The announcement to remove Cyrus Mistry less than four years since his appointment as chairman of Tata Sons, India's largest conglomerate group, has sent flutters down the corporate sector.
Ratan Tata, who hung up his spurs as chairman and was replaced by Mistry in late 2012, has been reinstated as an interim chairman.
The board said in a statement on Monday it was decided "it may be appropriate to consider a change for the long-term interest of Tata Sons and Tata group."
There could be several reasons that may have attributed to Mistry's unceremonious exit.
Tata's worth dipped to $103 billion in 2015-2016 from $108 billion the previous year, which was an unkind cut. Additionally, Tata recorded a net debt of $24.5 billion this year from $23.4 billion a year ago which was the biggest recorded in the history of the group.
Several of Mistry’s decisions, including the disposal of some of Indian Hotels Co’s overseas properties and especially the move to shut the UK steel operations, did not go down well with Tata Trusts, reports Economic Times.
Mistry's decision to sell Tata steel's UK plant also created panic among employees and the British government. The move drew heavy criticism in Britain.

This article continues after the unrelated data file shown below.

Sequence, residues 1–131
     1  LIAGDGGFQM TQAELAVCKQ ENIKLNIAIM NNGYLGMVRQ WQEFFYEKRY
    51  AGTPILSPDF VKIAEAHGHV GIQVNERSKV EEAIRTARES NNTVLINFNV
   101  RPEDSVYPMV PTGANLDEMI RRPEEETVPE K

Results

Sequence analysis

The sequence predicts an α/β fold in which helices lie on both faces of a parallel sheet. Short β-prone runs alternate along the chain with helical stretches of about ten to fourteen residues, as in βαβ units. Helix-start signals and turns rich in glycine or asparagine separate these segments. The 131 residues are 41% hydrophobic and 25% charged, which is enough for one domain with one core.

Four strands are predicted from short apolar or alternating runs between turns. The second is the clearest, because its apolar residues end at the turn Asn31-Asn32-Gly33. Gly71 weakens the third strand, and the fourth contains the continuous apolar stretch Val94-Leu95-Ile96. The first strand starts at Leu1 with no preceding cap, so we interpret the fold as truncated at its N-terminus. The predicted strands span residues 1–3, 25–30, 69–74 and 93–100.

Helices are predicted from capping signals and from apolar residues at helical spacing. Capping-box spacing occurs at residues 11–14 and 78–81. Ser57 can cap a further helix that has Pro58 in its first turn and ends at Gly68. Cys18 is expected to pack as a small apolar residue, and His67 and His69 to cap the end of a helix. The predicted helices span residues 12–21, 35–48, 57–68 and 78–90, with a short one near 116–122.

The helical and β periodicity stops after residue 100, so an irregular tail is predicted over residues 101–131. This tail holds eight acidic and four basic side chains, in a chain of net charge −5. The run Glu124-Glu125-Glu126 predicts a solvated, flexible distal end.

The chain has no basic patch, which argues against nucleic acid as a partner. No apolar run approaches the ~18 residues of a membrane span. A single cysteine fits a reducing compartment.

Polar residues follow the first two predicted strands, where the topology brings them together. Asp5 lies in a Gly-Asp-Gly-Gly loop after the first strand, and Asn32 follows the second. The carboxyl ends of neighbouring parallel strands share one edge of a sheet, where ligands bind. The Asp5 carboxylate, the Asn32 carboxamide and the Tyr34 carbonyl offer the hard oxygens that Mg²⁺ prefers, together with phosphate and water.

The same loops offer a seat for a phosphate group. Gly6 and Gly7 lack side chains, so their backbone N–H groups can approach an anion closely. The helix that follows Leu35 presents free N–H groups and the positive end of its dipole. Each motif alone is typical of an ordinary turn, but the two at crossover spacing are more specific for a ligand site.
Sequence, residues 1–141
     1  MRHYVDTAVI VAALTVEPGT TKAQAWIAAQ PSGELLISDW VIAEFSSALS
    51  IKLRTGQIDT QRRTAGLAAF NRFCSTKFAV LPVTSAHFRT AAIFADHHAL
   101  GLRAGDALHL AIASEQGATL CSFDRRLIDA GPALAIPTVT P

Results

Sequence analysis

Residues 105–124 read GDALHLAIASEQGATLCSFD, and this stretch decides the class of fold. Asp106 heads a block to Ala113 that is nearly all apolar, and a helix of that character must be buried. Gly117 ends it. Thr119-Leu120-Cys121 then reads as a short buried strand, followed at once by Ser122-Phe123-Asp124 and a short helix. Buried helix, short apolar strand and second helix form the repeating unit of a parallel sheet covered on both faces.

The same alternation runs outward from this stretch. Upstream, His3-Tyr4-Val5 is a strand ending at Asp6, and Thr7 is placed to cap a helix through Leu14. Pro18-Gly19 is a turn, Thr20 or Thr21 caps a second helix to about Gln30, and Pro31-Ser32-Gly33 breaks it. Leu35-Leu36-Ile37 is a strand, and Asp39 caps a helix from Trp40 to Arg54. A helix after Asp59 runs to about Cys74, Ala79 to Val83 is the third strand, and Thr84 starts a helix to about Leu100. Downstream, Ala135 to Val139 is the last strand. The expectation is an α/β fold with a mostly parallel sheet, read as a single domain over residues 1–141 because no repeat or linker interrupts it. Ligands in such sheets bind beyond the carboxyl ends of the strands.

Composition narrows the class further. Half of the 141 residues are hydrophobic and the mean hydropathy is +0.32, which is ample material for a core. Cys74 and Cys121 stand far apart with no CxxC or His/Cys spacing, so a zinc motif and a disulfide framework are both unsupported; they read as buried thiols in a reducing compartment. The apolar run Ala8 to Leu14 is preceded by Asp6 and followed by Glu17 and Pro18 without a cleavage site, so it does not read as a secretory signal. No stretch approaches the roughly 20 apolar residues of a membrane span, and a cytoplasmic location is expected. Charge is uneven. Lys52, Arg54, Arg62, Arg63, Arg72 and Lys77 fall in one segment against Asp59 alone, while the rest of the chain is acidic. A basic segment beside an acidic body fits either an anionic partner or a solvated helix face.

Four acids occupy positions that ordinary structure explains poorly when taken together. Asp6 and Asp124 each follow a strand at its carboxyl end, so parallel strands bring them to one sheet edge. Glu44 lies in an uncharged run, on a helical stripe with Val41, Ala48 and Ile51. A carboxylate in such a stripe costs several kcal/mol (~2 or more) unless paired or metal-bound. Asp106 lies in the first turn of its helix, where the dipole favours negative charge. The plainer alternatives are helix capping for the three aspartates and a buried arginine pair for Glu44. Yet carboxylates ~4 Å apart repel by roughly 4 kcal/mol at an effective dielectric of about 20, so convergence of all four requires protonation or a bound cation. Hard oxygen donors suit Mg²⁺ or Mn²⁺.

“Tata was unhappy with the decision to shut down or sell the group’s steel business in Europe,” a person close to Tata told The Economic Times. “He wanted the group to turn around the loss-making business rather than sell it.”
The decision to get involved in the full-blown legal battle with Japan's Docomo over an exit clause in the deal, which the Tatas eventually lost, was also seen as a breach of faith by old timers.
The Japanese company purchased Tata Tele stake for $2.7 bn. But after the deal fell through, DoCoMo wanted its money back for its entire 26.5% stake in TTSL. However, DoCoMo was unable to get back even half the investment it made in Tata DoCoMo over seven years ago. The case went to London Court of International Arbitration (LCIA) and the decision went in its favour.
“Tata had made a promise to Docomo that he’ll protect their investment in India. Come hell or high water, it would have been fulfilled. It’s about the spirit over subject here,” ET quoted its source as saying.
Just two months ago, in June, Mistry had cleared Tata Power’s $1.4-billion acquisition of Welspun’s solar farms without seeking approval from either Tata or other key shareholder, ET reported.
Reports further suggest that a perception that Mistry lacked vision may have also contributed to his ouster. The old guard saw Mistry’s appointment at the helm of affairs was a more ‘in your face’ than they could digest. Mistry's hands-on methods was a far cry from Ratan Tata's approach of looking at bigger picture.
Reports also suggest that Mistry's advisors encouraged him to get closer to the political establishment and play a bigger role at a time when the credibility of most business houses stood diminished.
But questions are being raised on this assessment by a board that has at least three members – Ajay Piramal, Venu Srinivasan and Amit Chandra – who were appointed just a few months ago.